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Scientists from Freie Universität Berlin and the MRC Cognition and Brain Sciences Unit in Cambridge launch study about the speed of word recognition
27 March 2012
Freie Universitaet Berlin
Scientists from Freie Universität and the MRC Cognition and Brain Sciences Unit in Cambridge have discovered that word recognition works much faster than previously assumed. Within a tenth of a second after the sound waves of the relevant part of a word hit the eardrum, there are, according to the study, the first indications of comprehension in the brain. The results were published in the latest online-version of the journal Nature.
The group of scientists led by the neurobiologist and linguist Prof. Dr. Dr.. Friedemann Pulvermüller from Freie Universität Berlin and Prof. Yury Shtyrov from the MRC Cognition and Brain Sciences Unit in Cambridge presented their participants with spoken words like "note" and pseudowords like "noke." At the beginning of each syllable, when only "no" has been heard, the brain cannot decide with certainty if the word is real or fake. To identify the word with certainty, the brain requires the additional information at the end of the syllable. The researchers discovered that already within 50-80 milliseconds after the incoming sound signals first allowed the participants to recognize the words with certainty, a brain indicator differentiated between the meaningful and the meaningless items. This is much earlier than a previously established brain indicator of comprehension, the so-called N400-component, which peaks only at a latency of about half a second. In their present study, the scientists were also able to re-confirm another early brain indicator of speech understanding. This indicator, which occurs after 150-200 milliseconds, was discovered by Prof. Pulvermüller's group in Cambridge a few years ago. The other early component, sometimes called the "semantic mismatch negativity," was found to indicate rather fine-grained features of meaning comprehension, for example whether an incoming word relates to mouth or leg movements (examples: "talk" or "walk").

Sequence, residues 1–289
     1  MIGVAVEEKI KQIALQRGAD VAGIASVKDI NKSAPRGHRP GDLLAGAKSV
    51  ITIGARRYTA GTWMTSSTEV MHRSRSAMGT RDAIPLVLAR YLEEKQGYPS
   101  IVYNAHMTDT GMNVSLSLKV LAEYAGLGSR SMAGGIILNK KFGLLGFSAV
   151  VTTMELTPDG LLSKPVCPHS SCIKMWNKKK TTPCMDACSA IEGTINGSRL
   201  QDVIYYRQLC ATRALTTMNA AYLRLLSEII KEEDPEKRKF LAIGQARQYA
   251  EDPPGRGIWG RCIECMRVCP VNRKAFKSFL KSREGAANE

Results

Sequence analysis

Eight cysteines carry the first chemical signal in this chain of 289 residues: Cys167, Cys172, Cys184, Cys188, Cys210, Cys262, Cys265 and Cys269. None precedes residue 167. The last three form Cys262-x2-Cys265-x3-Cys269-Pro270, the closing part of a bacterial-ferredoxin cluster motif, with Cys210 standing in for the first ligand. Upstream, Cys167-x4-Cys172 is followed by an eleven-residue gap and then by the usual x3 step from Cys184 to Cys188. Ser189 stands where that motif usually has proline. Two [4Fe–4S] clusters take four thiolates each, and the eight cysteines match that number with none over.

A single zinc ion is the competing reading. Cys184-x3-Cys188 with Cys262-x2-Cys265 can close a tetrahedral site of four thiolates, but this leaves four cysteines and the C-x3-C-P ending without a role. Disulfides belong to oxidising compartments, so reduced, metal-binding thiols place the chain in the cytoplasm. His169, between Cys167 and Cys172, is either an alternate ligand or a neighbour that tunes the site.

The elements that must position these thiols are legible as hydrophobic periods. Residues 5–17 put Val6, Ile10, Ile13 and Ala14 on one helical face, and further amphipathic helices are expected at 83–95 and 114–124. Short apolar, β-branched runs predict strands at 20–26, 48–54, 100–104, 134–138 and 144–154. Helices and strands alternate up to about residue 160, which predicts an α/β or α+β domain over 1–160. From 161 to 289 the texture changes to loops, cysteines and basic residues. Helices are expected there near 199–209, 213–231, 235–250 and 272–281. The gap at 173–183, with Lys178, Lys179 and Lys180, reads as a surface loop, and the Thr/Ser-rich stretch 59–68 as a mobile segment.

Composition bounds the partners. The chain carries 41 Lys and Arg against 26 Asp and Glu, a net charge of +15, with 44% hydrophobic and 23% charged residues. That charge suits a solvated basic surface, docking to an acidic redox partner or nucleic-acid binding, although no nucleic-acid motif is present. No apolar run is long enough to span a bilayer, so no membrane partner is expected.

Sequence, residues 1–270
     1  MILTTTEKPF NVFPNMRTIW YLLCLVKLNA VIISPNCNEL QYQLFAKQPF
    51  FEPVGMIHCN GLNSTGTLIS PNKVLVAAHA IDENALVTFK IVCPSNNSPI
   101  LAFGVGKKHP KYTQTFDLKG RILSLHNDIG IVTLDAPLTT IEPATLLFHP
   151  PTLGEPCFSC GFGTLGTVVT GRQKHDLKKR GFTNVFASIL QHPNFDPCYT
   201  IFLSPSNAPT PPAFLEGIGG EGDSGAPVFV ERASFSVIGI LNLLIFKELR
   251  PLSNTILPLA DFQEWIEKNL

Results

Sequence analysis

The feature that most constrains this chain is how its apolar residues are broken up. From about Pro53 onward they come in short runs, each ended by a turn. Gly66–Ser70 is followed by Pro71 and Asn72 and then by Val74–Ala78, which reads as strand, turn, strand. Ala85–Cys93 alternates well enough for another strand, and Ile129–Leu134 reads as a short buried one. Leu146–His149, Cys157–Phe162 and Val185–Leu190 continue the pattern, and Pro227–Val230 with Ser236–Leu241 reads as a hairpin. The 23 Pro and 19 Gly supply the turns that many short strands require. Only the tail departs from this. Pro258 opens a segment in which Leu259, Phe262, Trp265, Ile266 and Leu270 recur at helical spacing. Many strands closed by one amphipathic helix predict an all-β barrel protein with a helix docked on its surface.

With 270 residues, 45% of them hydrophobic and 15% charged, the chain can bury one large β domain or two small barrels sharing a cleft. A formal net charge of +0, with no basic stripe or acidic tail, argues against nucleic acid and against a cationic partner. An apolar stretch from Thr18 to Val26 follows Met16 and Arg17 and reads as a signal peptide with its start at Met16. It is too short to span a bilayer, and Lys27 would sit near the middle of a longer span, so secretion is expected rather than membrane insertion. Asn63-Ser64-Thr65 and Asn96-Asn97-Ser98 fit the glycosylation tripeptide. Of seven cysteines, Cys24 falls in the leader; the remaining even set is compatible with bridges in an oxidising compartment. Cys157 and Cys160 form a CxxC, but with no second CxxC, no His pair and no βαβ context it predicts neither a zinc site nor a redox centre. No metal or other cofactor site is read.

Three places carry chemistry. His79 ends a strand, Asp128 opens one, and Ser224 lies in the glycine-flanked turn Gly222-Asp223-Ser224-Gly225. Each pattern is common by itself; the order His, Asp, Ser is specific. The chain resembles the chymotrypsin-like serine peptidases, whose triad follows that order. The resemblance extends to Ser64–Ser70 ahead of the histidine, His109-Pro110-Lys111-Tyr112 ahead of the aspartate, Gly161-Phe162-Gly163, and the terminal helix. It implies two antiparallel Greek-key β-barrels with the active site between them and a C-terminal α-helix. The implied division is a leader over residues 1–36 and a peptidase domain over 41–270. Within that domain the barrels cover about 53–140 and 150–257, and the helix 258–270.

"Behavioral experiments had already indicated that human speech processing works very quickly," said Prof. Friedemann Pulvermüller. "However, here for the first time we see physiological evidence backing that assumption with brain measurements and defining the exact time course and unbelievable speed with which our brain decides between what makes sense and what doesn't." The scientists used a new technique for their study, called magnetoencephalography, and distributed source analysis. With magnetoencephalography it is possible to localize even the miniscule magnetic fields that the brain produces while working. Using distributed source analysis, the activation patterns in the brain can be located even if they involve several brain areas at the same time. The temporal precision of this method is unexcelled.
In the future Friedemann Pulvermüller, who just moved to Berlin after 12 years of work at Cambridge, and his new team would like to use the new knowledge about rapid language comprehension on patients with language problems following a stroke. "The early brain responses of word recognition might help us in measuring the progress made by stroke patients with a loss of normal language ability who undergo intensive speech therapy."